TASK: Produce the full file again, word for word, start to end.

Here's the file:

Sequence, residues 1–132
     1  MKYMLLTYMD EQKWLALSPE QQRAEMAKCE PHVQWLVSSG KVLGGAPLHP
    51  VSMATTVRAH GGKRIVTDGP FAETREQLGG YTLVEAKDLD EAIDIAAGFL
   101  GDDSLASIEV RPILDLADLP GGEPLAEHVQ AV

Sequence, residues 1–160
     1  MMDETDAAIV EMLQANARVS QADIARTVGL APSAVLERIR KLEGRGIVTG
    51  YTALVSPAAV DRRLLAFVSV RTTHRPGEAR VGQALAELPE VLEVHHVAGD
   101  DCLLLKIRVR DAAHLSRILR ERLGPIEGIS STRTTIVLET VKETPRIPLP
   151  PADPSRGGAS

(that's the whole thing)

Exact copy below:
Sequence, residues 1–132
     1  MKYMLLTYMD EQKWLALSPE QQRAEMAKCE PHVQWLVSSG KVLGGAPLHP
    51  VSMATTVRAH GGKRIVTDGP FAETREQLGG YTLVEAKDLD EAIDIAAGFL
   101  GDDSLASIEV RPILDLADLP GGEPLAEHVQ AV

Sequence, residues 1–160
     1  MMDETDAAIV EMLQANARVS QADIARTVGL APSAVLERIR KLEGRGIVTG
    51  YTALVSPAAV DRRLLAFVSV RTTHRPGEAR VGQALAELPE VLEVHHVAGD
   101  DCLLLKIRVR DAAHLSRILR ERLGPIEGIS STRTTIVLET VKETPRIPLP
   151  PADPSRGGAS